Poet and novelist Sonya Sones loves to hunt for buried treasure at flea markets near her home by the sea.
She brings the same passionate desire for uncovering hidden gems to her poems, short stories, and novels-in-verse, diving deeply into the emotional currents of her characters' lives and returning to the surface with gleaming jewels to share with her readers.
In each of her award-winning works--Stop Pretending, What My Mother Doesn't Know, and One of Those Hideous Books Where the Mother Dies--as well as in numerous short stories, Sones invites readers into the worlds of her characters with the sound of a voice.
It's almost instantaneous.
As soon as you begin reading, you can hear the voice of a character.
And a second later that character's world snaps vividly into focus.
Sones was kind enough to take a moment from her search for buried treasure to share some thoughts on her writing process.
Wordswimmer: If writing is like swimming... how do you get into the water each day?
Sones: I take a two mile "swim" around the neighborhood, and after awhile it gets to be like a meditation, and I start jotting down the ideas for poems that come into my head.
Wordswimmer: What keeps you afloat... for short work? For longer work?
Sones: In all of my work, both the novels and the short stories, the characters keep me afloat--my need to find out how my characters will react emotionally to the situations that I plop them into.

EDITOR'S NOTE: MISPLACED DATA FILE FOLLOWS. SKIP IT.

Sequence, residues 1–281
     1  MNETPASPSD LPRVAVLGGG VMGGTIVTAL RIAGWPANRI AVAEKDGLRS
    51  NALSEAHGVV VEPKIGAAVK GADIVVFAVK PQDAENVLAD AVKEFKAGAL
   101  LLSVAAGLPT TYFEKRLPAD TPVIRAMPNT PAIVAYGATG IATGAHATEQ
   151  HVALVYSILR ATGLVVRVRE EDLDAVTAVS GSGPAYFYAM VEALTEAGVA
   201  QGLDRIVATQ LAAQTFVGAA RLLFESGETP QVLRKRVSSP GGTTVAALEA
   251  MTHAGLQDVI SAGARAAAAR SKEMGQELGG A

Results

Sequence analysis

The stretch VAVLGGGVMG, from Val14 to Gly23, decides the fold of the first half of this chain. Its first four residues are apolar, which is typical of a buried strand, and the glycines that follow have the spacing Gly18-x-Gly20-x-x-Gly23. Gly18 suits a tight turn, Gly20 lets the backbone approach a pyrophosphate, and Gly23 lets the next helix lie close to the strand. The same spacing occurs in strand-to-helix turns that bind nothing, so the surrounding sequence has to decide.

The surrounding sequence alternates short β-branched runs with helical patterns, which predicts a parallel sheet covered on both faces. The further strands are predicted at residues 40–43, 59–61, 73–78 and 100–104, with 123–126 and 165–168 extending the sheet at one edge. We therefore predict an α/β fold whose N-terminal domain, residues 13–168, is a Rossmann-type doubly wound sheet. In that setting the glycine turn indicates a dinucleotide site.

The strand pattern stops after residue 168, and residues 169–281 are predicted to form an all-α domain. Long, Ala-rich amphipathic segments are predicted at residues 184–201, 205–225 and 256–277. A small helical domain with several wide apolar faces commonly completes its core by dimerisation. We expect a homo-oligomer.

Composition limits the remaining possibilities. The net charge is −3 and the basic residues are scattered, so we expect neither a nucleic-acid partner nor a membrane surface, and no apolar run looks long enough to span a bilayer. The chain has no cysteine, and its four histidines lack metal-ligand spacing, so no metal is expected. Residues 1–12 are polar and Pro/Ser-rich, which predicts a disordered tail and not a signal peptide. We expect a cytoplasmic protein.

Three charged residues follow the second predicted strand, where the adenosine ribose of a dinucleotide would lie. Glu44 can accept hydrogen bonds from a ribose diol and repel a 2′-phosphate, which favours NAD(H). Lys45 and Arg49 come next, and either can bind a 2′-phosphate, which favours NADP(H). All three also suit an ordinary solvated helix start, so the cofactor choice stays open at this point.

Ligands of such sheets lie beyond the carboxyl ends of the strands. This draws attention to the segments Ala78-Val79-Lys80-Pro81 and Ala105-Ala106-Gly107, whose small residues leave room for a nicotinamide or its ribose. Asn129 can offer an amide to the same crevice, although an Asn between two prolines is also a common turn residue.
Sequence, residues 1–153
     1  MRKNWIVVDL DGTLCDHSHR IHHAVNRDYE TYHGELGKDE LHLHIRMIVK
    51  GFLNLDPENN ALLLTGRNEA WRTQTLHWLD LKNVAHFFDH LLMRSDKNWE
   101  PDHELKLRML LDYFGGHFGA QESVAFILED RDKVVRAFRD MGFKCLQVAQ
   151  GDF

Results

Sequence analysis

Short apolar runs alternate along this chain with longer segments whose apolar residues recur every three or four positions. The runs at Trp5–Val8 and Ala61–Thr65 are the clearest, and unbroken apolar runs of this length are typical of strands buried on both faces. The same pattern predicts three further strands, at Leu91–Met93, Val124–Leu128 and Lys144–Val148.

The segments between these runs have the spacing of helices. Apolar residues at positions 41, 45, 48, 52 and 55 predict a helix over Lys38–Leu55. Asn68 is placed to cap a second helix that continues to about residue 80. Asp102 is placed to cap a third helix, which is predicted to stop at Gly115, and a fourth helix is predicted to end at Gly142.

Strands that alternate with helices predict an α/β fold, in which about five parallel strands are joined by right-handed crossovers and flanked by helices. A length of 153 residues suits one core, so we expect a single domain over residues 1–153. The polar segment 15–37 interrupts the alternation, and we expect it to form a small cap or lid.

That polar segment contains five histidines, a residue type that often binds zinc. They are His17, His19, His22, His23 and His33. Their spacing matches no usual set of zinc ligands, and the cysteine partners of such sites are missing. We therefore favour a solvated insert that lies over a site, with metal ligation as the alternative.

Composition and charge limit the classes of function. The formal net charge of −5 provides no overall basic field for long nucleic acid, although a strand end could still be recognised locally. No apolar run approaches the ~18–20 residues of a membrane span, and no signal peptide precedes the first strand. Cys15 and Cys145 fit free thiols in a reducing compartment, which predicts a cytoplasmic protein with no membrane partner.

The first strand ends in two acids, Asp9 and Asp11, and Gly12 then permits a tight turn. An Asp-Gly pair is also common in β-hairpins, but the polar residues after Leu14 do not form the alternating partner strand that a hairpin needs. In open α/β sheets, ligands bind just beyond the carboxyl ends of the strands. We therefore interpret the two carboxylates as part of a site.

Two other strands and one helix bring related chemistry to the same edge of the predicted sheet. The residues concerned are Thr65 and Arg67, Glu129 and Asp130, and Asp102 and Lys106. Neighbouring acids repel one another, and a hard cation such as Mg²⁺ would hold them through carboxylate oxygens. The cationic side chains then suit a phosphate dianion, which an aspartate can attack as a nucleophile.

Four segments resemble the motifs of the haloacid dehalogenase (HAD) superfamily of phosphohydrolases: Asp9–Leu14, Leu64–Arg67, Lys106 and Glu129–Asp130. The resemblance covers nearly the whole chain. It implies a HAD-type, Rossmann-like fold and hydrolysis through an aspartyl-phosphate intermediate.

Wordswimmer: How do you keep swimming through dry spells?
Sones: I sit down in front of the computer, put on my water wings, place my fingers on the keys, and type--even though I know full well that what I am writing is not any good. Because I know that if I look at it again tomorrow, I will be able to come up with ways to make it better. And the day after that, even better.
Wordswimmer: What's the hardest part of swimming?
Sones: Making decisions about which direction to swim in, which pool to leap into, which stroke to use... and when to get out of the water.
Wordswimmer: How do you overcome obstacles, problems, when swimming alone?
Sones: I don't swim alone. I use the "buddy system" -- which means that I am in two different critique groups that meet on alternate weeks. So I get to have fresh feedback every week.
Wordswimmer: What's the part of swimming that you love the most?
Sones: When the sun is shining on the water, and the temperature's refreshingly bracing, and I'm moving so effortlessly through the waves that I feel as if I'm part of the sea -- in other words: when inspiration strikes!
Wordswimmer: Thanks, Sonya!
Sones: Thanks for asking these fun questions!
For more information on Sonya Sones and her work, you can check out her website http://www.sonyasones.com where she offers further tips on writing.
You can also read another interview with her at teenreads.com http://www.teenreads.com/authors/au-sones-sonya.asp